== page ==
What is Cisco Express Forwarding (CEF)?
Cisco Express Forwarding (CEF) is a packet-switching technique that is the default for most of Cisco routing platforms.
CEF Cisco provides the ability to switch packets (through advanced, Layer 3 IP switching technology) via a device in a way that minimises the load on router’s processor.
This way the routing process can be tasked with dealing with other responsibilities that require larger amounts of processor time (QOS, Encryption, etc.).
It’s Noteworthy that CEF is a Cisco proprietary protocol, however other OEM and vendors of Routing and Switching platforms also offer CEF comparable features set which is performed in hardware-based ASICs instead of CPU software itself.
CEF Cisco mechanism works by creating two types of tables in Data plane –
Adjacency table –
This table is responsible for maintaining the layer 2 forwarding information for each FIB entry. Adjacency table takes its input from ARP Cache and hence populates itself with layer 2 information to be used for packet forwarding. This offloads the need for the router to send out ARP requests.
The FIB (Forwarding Information Base) –
FIB is known by the name of CEF table. FIB table learns the routing information from the IP Routing Table and tracks the next-hop for all routes. So while the Adjacency table manages layer 2 information, the CEF table manages the layer 3 forwarding information. The adjacency table maintains Layer 2 information for next hops listed in the FIB.
Below is the Step by Step procedure of how Cisco Express Forwarding handles packets that enter the Router –
- Once the packets arrive at the router, its layer 2 information is stripped off. This is a normal procedure that happens whenever a frame is accepted to a layer 3 device)
- The router looks up the destination using the CEF table. (Note that even 1st packet router does not reach the Router CPU. CEF handles all the packets as they enter the interface.
- Router finds the corresponding adjacency table entry.
- The router then adds the corresponding layer 2 information (found in the adjacency table) back to the packet and forwards the packets.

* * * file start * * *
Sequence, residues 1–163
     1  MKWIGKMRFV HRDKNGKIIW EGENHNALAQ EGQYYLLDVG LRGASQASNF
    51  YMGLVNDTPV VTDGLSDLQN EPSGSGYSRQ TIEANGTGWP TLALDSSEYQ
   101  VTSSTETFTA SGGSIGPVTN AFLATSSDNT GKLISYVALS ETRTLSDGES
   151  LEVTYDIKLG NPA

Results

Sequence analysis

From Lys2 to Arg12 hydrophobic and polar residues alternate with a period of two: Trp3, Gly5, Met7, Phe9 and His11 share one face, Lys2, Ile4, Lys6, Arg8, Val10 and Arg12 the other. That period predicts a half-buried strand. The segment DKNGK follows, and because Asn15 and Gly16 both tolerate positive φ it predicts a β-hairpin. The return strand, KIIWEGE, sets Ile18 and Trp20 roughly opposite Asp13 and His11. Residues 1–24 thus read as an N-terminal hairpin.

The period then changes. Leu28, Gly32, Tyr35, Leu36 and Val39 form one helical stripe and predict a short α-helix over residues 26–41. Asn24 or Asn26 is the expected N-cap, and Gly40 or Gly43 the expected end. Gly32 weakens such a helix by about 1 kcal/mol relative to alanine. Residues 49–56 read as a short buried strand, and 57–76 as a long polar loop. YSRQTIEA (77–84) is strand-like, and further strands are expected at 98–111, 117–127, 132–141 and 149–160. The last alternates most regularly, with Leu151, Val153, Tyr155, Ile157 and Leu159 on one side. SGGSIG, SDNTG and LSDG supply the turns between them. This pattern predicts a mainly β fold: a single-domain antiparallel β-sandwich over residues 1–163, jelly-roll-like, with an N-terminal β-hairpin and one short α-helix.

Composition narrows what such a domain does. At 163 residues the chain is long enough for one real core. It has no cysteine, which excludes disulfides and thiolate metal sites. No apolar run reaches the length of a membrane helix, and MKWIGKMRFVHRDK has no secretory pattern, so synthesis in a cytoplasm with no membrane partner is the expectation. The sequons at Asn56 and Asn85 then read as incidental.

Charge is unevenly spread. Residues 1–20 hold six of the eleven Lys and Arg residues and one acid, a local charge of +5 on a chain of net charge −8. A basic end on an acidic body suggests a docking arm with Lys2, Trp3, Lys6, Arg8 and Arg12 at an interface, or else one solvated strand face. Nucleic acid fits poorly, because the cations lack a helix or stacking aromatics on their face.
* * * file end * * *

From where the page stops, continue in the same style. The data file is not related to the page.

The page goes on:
Related – Cisco Datasheets
Cisco Express Forwarding (CEF) can be enabled in one of two modes described in the following sections:
- Central CEF Mode
- Distributed CEF Mode
CENTRAL CEF MODE
When CEF mode is enabled, the CEF FIB and adjacency tables reside on the RP, and the RP performs the express forwarding.
You can use CEF mode when line cards are not available for CEF switching or when you need to use features not compatible with dCEF switching.
The figure below shows the relationship between the routing table, FIB, and adjacency table during CEF mode.
The Catalyst switches forward traffic from workgroup LANs to a Cisco 7500 series router on the enterprise backbone running CEF. The RP performs the express forwarding.
Distributed CEF Mode
When dCEF is enabled, line cards, such as VIP line cards or GSR line cards, maintain an identical copy of the FIB and adjacency tables. The line cards perform the express forwarding between port adapters, relieving the RSP of involvement in the switching operation.
dCEF uses an Inter-Process Communication (IPC) mechanism to ensure synchronization of FIB tables and adjacency tables on the RP and line cards.
The figure below shows the relationship between the RP and line cards when dCEF mode is active.
Related – Central CEF vs Distributed CEF
Cisco Express Forwarding offers the following benefits –
- Better performance— CEF is less CPU-intensive than fast switching route caching and Process Switching. CEF offloads CPU process for other services like QoS and encryption.
- Scalability— when dCEF is working, CEF offers full switching capacity to each Line card.
- Resilience—CEF offers an unparalleled level of switching consistency and stability in large dynamic networks. In dynamic networks, other methods like fast-switched entries are frequently invalidated due to routing changes which puts more load on process switching hence high CPU load. Since the Forwarding Information Base (FIB) lookup table contains all known routes that exist in the routing table, hence we can aptly say that CEF can switch traffic more efficiently than typical demand caching schemes.
Related- Process vs Fast Switching
In some Cisco platforms, Cisco Express Forwarding is enabled by default. However, other platforms may require to enable CEF globally with the below command syntax –
Additionally, we can you can enable it on that interface with interface configuration command as below –
Cisco Express Forwarding (CEF) status verification commands –
Verify interface statistics, including information about an interface’s packet-switching mode –
Verify the router’s FIB contents –
Verify information available in adjacency table of the router –